Ohio Spam Bill Becomes Law
The law prohibits falsifying routing information in commercial electronic mail messages, falsifying registration information for multiple electronic mail accounts or falsifying the right to use five or more Internet protocol addresses. It also prohibits unauthorized access to a computer to transmit multiple commercial electronic mail messages.
The bill takes effect 90 days after being signed and filed with the Ohio secretary of state.
The law allows the state attorney general to impose criminal and civil sanctions against spammers. The worst violators could face a minimum of six months in jail and fines of $25,000 per violation, or $2 to $8 per violating e-mail. Their computer equipment could be confiscated, and Internet providers could sue for damages.
The Ohio bill was modeled on the federal CAN-SPAM Act but includes tougher penalties. Maryland also has enacted an anti-spam law with criminal penalties, and Virginia recently used its law to send a North Carolina man to prison for sending hundreds of thousands of spam e-mails.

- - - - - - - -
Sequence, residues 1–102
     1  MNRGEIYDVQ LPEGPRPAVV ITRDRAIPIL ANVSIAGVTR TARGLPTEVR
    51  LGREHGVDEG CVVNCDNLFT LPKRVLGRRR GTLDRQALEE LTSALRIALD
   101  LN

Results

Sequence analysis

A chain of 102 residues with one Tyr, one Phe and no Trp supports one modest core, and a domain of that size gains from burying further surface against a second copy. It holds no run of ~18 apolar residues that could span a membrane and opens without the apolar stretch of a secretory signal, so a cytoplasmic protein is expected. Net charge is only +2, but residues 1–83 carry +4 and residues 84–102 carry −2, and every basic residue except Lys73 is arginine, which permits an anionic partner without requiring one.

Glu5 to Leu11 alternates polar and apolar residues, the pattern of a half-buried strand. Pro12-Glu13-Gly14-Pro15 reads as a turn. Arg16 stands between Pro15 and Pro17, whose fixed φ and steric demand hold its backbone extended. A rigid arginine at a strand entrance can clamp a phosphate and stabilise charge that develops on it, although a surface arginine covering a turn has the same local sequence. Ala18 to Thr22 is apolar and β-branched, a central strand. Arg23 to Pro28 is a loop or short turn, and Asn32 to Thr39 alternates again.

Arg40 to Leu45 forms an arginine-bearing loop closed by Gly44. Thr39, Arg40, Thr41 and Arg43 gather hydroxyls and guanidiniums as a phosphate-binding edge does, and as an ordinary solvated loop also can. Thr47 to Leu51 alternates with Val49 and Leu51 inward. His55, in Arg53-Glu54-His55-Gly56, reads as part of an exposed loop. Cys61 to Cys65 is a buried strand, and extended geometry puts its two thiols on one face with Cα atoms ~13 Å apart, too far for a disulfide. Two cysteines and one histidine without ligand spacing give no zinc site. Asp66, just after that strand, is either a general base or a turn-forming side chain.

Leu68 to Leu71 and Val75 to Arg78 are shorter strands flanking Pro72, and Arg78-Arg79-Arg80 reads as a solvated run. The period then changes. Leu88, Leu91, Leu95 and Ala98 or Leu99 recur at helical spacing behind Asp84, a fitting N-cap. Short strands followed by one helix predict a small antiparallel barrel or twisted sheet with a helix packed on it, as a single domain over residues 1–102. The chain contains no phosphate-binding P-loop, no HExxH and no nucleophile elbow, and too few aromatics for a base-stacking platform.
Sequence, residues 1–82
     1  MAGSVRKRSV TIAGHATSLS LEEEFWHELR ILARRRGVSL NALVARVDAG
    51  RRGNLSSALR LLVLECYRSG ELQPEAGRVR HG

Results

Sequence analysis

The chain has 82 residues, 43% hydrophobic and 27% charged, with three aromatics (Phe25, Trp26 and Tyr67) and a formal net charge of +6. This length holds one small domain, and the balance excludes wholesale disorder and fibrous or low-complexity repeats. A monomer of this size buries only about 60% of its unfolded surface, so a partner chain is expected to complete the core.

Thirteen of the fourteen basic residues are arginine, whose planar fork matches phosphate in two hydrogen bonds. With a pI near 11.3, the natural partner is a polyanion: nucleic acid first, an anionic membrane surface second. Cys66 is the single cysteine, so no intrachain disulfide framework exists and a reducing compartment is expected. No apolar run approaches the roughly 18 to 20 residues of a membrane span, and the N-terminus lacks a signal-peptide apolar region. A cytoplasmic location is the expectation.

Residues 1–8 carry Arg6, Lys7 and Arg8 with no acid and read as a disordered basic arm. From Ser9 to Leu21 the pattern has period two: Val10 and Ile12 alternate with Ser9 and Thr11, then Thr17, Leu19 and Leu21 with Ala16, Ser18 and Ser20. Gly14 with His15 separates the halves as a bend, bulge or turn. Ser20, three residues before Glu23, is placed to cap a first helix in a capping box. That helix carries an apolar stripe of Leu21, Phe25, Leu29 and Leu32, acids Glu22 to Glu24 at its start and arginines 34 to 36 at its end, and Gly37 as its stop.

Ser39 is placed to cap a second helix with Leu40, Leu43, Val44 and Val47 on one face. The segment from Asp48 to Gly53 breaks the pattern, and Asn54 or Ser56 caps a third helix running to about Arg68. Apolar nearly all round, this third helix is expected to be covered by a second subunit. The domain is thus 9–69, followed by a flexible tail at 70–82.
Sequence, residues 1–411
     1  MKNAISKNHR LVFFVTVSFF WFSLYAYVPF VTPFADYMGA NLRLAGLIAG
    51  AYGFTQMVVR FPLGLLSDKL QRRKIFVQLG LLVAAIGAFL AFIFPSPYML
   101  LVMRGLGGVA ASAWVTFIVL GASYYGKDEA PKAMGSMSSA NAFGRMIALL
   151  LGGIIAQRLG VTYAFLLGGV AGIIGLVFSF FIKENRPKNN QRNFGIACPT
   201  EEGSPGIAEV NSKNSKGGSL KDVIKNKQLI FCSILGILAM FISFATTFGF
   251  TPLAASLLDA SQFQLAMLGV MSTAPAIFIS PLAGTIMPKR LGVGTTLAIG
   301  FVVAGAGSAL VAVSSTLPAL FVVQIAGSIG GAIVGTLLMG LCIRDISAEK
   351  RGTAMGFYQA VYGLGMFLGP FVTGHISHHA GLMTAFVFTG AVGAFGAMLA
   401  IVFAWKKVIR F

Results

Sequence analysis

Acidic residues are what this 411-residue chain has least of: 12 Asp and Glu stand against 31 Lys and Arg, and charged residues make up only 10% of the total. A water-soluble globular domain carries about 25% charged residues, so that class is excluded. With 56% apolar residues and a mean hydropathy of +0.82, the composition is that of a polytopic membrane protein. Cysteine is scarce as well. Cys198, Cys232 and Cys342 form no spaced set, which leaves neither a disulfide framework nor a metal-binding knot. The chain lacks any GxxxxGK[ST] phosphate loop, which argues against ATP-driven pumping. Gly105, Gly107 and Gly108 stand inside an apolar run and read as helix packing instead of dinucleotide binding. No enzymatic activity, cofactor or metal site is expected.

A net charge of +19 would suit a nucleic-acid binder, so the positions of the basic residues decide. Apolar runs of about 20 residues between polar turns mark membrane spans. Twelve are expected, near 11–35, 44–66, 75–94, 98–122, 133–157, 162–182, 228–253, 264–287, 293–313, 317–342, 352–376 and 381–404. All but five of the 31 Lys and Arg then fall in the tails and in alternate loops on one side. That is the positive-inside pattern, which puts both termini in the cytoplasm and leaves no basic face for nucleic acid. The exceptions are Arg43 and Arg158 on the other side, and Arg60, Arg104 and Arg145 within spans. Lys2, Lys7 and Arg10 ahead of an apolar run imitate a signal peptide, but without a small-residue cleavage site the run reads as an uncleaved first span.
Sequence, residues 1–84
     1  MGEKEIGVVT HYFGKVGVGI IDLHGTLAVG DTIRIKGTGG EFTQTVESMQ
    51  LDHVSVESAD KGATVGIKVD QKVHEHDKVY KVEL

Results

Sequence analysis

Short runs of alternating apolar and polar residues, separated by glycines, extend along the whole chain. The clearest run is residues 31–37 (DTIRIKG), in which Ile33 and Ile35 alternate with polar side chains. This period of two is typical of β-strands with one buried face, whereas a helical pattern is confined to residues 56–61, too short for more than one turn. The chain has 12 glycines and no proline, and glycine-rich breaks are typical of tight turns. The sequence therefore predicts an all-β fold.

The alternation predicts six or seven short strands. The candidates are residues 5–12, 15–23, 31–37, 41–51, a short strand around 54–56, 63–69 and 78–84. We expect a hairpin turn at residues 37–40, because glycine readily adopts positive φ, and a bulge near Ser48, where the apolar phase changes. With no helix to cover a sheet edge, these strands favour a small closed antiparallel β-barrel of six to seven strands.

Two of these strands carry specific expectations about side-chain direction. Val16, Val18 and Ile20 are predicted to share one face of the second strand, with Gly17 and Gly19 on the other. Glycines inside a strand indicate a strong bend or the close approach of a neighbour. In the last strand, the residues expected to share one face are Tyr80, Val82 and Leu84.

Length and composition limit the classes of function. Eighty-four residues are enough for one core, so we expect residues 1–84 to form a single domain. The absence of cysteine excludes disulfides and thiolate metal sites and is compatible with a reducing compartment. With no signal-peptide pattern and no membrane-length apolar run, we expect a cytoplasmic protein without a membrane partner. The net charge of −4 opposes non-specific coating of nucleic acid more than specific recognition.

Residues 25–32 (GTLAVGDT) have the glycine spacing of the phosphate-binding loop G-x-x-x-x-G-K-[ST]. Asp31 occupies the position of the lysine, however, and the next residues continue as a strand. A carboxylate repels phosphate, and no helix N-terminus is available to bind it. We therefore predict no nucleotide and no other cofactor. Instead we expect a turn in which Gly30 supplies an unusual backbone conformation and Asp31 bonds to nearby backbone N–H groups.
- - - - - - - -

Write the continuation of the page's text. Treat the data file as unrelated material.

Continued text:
Mickey Alam Khan covers Internet marketing campaigns and e-commerce, agency news as well as circulation for DM News and DMNews.com. To keep up with the latest developments in these areas, subscribe to our daily and weekly e-mail newsletters by visiting www.dmnews.com/newsletters